There has been a recent shift in America’s counterterrorism ideology, argues Micah Zenko, which accepts the idea that the United States is in a perpetual war with terrorism and fails to recognize that the U.S. counterterrorism policy is failing. “The only ideology that the United States can influence or control is its own.”
The Obama administration's stated policy since 2011 has been to capture suspected terrorists—such as U.S. citizen Mohanad Mahmoud Al Farekh in Pakistan—rather than target them with drone strikes. However, as Micah Zenko points out, Al Farekh’s case is the rare exception and, since 2011, the United States has conducted an estimated 215 drone strikes, killing 1,271 individuals.
The United States is now engaged in yet another military intervention in the Middle East—this time in Yemen. Micah Zenko argues that what has become the standard operating procedure for how the United States goes to war should be alarming, particularly when the latest intervention “lacks clear courses of action, coherent objectives, or an intended end state.”
U.S. military and intelligence officials often conceive of the complexity of the world in terms of the volume of total issues, rather than evaluating the prioritization of those issues. CPA's Micah Zenko examines how the U.S. military thinks about complexity.
The U.S. plan to arm Syrian rebels to fight the Islamic State in Iraq and Syria looks eerily similar to the infamous 1961 failed Bay of Pigs operation. Micah Zenko argues that a clarification of phase two—how the United States will support the armed rebels once they are trained and equipped—is needed before the United States proceeds.
The State Department released a new policy on military drone exports, opening the door to possible sales to countries other than close U.S. allies. Micah Zenko discusses implications of the policy for drone proliferation.
Counterterrorism strategies of the past thirteen years have relied upon a myth of 9/11: terrorists require safe havens to conduct international terrorist attacks. Micah Zenko and Amelia M. Wolf argue that there is no evidence to support this assumption, which most recently served as the basis for launching a war against the Islamic State of Iraq and Syria.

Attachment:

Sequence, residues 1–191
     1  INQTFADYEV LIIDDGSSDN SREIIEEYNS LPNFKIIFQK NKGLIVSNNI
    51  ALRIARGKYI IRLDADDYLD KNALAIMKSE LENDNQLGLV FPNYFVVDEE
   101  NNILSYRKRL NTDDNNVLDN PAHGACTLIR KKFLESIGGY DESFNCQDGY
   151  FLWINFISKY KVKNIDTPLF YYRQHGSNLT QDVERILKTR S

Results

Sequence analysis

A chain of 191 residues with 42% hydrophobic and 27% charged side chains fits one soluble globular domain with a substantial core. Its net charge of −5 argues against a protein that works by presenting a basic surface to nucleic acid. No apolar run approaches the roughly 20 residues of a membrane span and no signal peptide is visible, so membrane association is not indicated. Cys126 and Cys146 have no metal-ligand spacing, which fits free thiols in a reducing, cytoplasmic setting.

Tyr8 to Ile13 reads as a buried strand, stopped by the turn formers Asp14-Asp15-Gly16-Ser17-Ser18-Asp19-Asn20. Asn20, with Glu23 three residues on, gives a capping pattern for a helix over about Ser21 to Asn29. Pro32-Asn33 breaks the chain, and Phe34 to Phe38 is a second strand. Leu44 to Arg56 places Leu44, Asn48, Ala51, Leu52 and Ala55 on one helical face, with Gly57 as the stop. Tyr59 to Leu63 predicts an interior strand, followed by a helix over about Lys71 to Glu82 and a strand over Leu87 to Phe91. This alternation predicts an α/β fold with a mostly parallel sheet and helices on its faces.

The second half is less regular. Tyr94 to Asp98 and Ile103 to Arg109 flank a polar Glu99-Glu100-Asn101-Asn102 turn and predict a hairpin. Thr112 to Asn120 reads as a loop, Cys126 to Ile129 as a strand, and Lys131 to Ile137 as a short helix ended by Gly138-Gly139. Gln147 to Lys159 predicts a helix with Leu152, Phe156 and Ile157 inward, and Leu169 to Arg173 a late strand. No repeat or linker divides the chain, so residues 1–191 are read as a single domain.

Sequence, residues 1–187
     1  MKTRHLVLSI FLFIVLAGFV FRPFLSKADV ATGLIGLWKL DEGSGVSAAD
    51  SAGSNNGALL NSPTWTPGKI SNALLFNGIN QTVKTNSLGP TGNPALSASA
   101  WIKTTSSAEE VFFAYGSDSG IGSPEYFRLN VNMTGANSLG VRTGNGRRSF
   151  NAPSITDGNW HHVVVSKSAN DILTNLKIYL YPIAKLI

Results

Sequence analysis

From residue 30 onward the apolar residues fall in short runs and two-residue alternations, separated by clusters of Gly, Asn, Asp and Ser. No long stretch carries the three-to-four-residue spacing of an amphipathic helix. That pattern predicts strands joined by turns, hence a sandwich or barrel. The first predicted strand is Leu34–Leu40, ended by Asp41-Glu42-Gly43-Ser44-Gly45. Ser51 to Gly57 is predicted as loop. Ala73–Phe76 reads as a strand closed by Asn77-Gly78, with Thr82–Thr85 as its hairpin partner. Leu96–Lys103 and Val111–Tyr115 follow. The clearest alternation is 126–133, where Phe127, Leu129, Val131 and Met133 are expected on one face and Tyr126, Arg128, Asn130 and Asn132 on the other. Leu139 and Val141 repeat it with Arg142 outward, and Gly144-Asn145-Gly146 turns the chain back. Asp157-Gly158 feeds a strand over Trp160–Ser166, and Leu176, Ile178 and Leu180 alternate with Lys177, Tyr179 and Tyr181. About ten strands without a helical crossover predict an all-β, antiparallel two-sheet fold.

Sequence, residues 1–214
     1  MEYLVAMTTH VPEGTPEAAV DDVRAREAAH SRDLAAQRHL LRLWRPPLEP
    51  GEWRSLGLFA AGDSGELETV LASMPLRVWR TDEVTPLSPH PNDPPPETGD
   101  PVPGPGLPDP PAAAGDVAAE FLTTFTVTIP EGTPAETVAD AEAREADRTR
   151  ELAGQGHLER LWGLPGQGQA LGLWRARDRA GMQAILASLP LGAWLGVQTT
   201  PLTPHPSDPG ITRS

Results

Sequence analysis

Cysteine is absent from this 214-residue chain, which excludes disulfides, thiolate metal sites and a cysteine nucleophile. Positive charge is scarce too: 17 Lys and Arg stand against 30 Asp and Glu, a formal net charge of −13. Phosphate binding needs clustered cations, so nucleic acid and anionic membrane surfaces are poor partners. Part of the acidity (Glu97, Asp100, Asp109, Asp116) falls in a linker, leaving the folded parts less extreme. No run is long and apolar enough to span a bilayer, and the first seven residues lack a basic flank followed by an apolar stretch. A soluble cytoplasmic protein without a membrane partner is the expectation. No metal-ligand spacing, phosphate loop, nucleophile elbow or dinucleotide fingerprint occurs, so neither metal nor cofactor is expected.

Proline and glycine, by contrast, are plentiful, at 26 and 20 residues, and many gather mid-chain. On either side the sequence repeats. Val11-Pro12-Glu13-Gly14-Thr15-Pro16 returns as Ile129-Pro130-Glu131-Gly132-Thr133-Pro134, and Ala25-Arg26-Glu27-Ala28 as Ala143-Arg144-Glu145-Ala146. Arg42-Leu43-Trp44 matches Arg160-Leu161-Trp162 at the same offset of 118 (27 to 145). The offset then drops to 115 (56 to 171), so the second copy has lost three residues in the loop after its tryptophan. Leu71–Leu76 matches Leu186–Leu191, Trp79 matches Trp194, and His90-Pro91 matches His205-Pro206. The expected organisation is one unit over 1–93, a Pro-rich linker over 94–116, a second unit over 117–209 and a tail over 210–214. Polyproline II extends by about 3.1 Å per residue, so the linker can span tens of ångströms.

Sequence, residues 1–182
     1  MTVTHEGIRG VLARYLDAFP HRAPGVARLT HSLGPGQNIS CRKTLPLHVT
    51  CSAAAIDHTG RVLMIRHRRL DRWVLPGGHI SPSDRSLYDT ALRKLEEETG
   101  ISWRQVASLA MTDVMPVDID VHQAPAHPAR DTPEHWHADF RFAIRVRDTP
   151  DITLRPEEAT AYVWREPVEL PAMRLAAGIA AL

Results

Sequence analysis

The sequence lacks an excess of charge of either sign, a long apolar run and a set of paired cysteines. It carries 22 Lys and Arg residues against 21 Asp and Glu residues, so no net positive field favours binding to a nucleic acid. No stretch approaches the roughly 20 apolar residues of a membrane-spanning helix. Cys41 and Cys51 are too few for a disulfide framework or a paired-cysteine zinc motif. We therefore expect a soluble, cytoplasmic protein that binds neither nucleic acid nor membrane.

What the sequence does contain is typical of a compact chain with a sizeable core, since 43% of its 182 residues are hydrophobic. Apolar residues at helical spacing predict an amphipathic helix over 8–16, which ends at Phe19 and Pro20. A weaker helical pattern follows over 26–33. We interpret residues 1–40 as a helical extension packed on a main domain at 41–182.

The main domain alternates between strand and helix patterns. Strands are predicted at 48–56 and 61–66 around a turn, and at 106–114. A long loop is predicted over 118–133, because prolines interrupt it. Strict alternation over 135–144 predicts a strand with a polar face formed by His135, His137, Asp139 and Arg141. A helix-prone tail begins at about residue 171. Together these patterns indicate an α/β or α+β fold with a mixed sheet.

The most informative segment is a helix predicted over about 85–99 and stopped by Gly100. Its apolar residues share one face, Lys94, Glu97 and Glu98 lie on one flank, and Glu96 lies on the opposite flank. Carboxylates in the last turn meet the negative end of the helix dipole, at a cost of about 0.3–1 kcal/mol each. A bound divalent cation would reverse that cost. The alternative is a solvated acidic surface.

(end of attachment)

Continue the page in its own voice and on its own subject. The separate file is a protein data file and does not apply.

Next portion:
The rise of purported threats such as Ebola and the Islamic State of Iraq and Syria, military intervention in Syria, and shifting military operations in Afghanistan and Iraq in 2014 resulted in numerous notable quotes—whether puzzling, hypocritical, factually incorrect, or revealing—from U.S. officials and policymakers. In his annual article, Micah highlighted the top twenty foreign policy quotes of the year.
Senior administration officials have discussed the possibility of placing North Korea on the State Sponsor of Terrorism list after the hack of Sony Pictures Entertainment. Micah Zenko argues that North Korea is not a state-sponsor of terrorism and “rather than misapplying this outdated punishment against countries that the United States has non-terrorism-related disagreements with, an entirely new designation is necessary.”
Though the release of the executive summary of the Senate’s report on the CIA’s post-9/11 detention and interrogation program is a worthwhile effort, this report will cover little new ground, Micah Zenko argues. Rather, a more public account, including interviews with torture victims and interrogation technique used by the Department of Defense, is needed. Zenko provides guidelines for and questions to think about while reading the report.
The United States has now conducted 500 targeted killings, which have killed an estimated 3,674 people, including 473 civilians. However, as Micah Zenko points out, these operations have not diminished the size of targeted terrorist groups.
The threat posed by the Islamic State of Iraq and Syria (ISIS) is being overblown to a dangerous and untruthful degree by U.S. government officials, who are getting away with it without question. Micah Zenko argues that U.S. officials must envision America’s enemies “more accurately and honestly.”
Who leaked the New York Times story claiming that Obama was thinking of shaking up his foreign policy team? Leslie H. Gelb suggests how we might solve this mystery and think about the importance of the tale.
President Obama can't move on domestic policy, but still has the power to make headway abroad—especially with Iran (to explore a Mideast strategic overhaul), China (to emplace a viable and critical Asia pivot), and Russia (to prevent a new little Cold War). He shouldn't throw this last chance away.
In this CSR, coauthored by Paul B. Stares and Micah Zenko sponsored by the Center for Preventive Action, evaluates the U.S. system for foreseeing and heading off crises and assesses in detail current U.S. practices with regard to different types of preventive action. More
This report, authored by Bronwyn E. Bruton and sponsored by the Center for Preventive Action, argues that the current U.S. policy of supporting the TFG is unlikely to succeed and ineffective foreign meddling threatens to prolong and worsen the conflict. Instead, the United States should pursue a strategy of "constructive disengagement" while still maintaining support for localized development initiatives and humanitarian assistance. More